USian politics has become such an interesting quagmire (why should their military have all the fun?) that you can barely look away before things change. With this in mind, let’s talk about Brett Kavanaugh, a judge on the US Court of Appeals, DC, nominee to the Supreme Court and current Senate grillee.
It all began on 13 September, when the senior Democrat on the Senate Judiciary Committee, Dianne Feinstein, forwarded information involving Kavanaugh to federal investigators. As the world found out later, that information consisted of an accusation from Dr. Christine Blasey Ford, a professor of psychology at Palo Alto University, and researcher at nearby Stanford University.
As I’m a woman, I know a lot of readers will naturally assume that I’m going to side with Dr. Ford but, in fact, I find reprehensible actions on the part of both Democratic and Republican partisans.
The first incredible thing for me is that, within twenty-four hours of this news breaking, sixty-five (65) women who knew Kavanaugh in high school testified to his good character. Sixty-five. I can’t muster sixty-five people to say I even exist within thirty days, much less tell everyone publicly what a Good Soul I am within one! And it wasn’t even a yes/no question, but a letter to the Committee on the Judiciary. From high school. More than thirty years ago. Assuming that Kavanaugh has an equal number of male and female friends from high school, that means he’s in contact with around one hundred and thirty people from an era of his life more than three decades ago. (He actually says two hundred and twenty in the Fox interview.) Really? If I were to put my sceptic’s hat on, it sounds more than a little convenient.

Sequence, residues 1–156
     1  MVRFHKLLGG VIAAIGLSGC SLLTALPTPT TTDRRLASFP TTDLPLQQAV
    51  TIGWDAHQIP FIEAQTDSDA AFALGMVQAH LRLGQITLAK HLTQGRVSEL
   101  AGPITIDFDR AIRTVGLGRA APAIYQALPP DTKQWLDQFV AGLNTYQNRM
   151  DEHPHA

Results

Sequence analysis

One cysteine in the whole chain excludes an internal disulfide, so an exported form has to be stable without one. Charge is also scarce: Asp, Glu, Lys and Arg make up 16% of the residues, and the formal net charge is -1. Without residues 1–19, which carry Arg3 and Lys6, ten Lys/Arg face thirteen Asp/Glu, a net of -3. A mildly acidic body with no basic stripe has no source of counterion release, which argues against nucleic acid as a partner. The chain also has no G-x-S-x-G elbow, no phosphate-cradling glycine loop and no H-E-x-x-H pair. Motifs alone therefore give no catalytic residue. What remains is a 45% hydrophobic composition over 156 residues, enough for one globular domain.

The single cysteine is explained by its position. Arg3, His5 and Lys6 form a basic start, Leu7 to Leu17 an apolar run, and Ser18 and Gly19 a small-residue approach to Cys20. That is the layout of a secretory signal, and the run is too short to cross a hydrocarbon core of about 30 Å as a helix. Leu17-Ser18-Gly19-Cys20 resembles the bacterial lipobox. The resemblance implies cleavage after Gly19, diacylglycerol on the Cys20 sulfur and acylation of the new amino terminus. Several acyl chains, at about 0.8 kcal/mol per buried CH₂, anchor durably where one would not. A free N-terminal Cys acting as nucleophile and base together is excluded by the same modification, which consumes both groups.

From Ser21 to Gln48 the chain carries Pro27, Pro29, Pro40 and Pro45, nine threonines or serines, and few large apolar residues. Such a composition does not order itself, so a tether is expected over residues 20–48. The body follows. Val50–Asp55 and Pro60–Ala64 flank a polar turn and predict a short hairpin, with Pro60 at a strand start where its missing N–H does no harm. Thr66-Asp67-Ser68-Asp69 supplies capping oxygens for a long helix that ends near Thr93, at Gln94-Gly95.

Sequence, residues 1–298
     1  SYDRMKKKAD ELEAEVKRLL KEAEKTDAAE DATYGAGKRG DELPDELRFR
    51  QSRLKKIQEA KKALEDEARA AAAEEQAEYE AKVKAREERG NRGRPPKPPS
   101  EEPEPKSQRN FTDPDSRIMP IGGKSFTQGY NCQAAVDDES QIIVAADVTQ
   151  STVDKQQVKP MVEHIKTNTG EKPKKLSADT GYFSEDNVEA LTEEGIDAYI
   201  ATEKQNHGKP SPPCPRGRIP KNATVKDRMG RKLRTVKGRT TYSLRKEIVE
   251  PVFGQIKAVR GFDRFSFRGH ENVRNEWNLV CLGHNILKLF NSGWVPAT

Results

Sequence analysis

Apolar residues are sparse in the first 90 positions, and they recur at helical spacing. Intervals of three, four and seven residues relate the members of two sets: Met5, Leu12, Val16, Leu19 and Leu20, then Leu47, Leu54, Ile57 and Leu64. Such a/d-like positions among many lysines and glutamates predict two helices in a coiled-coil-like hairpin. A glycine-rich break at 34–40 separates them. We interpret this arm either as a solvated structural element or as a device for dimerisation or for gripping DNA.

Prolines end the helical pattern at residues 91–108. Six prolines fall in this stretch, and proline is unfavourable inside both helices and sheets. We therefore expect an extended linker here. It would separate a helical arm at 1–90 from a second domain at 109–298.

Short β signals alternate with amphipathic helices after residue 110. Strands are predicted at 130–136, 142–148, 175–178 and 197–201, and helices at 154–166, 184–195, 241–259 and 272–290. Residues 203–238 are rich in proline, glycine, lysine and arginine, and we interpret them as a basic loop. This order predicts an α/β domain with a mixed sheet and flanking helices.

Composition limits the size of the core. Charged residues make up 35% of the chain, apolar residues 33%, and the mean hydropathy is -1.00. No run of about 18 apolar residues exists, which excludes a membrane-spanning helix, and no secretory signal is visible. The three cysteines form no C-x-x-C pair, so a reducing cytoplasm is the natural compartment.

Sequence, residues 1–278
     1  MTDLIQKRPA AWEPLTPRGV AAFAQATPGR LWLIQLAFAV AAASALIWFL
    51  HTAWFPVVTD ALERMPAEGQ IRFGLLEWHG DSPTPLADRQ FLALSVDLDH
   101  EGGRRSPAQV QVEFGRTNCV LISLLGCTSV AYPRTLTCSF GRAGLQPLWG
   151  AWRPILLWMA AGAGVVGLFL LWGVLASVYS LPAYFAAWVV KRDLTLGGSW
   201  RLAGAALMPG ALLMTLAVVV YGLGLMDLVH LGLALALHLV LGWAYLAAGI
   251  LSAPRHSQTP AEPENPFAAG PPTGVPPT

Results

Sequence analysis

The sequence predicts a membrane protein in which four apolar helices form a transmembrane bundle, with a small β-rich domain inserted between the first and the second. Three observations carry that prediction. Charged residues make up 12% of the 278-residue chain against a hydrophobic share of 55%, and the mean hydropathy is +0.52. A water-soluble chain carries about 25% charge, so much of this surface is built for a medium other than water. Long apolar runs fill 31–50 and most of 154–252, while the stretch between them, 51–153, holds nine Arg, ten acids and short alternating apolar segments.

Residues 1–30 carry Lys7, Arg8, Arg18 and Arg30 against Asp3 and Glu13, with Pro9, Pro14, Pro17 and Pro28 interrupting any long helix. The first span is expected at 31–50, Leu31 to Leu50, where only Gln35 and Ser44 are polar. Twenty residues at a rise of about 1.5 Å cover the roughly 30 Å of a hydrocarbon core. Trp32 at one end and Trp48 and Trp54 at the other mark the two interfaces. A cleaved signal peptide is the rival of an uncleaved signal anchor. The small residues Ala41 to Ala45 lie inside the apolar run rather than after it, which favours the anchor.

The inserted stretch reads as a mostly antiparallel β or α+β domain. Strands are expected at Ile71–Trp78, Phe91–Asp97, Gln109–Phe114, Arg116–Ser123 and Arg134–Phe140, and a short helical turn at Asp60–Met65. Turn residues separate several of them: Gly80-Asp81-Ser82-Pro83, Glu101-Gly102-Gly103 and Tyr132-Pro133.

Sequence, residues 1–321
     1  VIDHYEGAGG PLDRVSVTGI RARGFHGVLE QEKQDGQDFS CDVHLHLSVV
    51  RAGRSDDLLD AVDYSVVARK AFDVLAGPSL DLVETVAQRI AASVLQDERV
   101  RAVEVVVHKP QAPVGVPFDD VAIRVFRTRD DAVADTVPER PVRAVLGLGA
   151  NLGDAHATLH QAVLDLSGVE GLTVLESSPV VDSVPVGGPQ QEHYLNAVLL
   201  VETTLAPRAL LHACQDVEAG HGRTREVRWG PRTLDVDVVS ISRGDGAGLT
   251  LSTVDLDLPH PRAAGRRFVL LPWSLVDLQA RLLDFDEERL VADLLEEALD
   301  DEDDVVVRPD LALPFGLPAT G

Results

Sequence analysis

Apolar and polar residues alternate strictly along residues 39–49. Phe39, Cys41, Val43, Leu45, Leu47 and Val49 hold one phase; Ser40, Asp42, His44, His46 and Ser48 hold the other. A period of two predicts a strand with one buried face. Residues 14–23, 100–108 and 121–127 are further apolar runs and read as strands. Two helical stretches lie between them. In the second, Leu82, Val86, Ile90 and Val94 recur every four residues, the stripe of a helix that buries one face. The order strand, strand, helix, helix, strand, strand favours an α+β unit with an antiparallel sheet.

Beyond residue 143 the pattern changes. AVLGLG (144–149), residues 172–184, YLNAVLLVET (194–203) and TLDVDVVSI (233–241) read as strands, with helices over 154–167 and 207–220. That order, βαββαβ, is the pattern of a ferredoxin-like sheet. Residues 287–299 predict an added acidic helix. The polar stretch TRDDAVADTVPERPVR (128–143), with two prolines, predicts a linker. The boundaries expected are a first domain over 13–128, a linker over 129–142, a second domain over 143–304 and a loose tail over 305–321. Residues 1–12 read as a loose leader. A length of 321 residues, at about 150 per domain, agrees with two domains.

But then we come across Dianne Feinstein, who withheld the letter for almost two monthsbefore referring it on to federal investigators. Does that sound like a champion of women’s rights to you, or someone who is using words as a political weapon?
I could go on but leave the latest news to the interested reader. Does Kavanaugh’s alleged behaviour towards Ford disallow him from appointment as a Supreme Court judge? As the factional crocodiles started muddying the water with their contortions, Deborah Ramirez stepped forward via an article in The New Yorker magazine, although (as of this writing) she refuses to make a legal statement on the “extreme flashing” episode that allegedly occurred at Yale. Hmm, that’s a bit unfortunate. So, luckily, Julie Swetnick stepped forward with “confident” accusations of spiked drinks leading to gang rape at high school (after she had already enrolled in college).
Do I believe the young men who attended all-male Catholic schools and, later, Yale are capable of this sort of behaviour? Absolutely. I studied next to such males in secondary school and they were animals. As for Yale…elites…Skull and Bones. Not a shred of doubt in my mind. They were capable of such behaviour. Do I believe Kavanaugh was capable of this behaviour? Honestly? I don’t know.